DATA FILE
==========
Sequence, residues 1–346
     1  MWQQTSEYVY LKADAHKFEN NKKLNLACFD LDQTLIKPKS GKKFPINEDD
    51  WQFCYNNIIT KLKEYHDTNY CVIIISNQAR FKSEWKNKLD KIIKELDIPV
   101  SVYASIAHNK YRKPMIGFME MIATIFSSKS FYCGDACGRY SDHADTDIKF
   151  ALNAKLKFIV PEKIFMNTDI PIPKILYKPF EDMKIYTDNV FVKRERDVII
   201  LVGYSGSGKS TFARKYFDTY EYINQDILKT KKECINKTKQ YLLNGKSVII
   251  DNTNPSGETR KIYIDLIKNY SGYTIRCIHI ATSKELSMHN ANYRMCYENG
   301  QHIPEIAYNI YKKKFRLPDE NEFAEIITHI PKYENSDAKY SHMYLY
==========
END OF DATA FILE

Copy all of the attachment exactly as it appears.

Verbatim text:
Sequence, residues 1–346
     1  MWQQTSEYVY LKADAHKFEN NKKLNLACFD LDQTLIKPKS GKKFPINEDD
    51  WQFCYNNIIT KLKEYHDTNY CVIIISNQAR FKSEWKNKLD KIIKELDIPV
   101  SVYASIAHNK YRKPMIGFME MIATIFSSKS FYCGDACGRY SDHADTDIKF
   151  ALNAKLKFIV PEKIFMNTDI PIPKILYKPF EDMKIYTDNV FVKRERDVII
   201  LVGYSGSGKS TFARKYFDTY EYINQDILKT KKECINKTKQ YLLNGKSVII
   251  DNTNPSGETR KIYIDLIKNY SGYTIRCIHI ATSKELSMHN ANYRMCYENG
   301  QHIPEIAYNI YKKKFRLPDE NEFAEIITHI PKYENSDAKY SHMYLY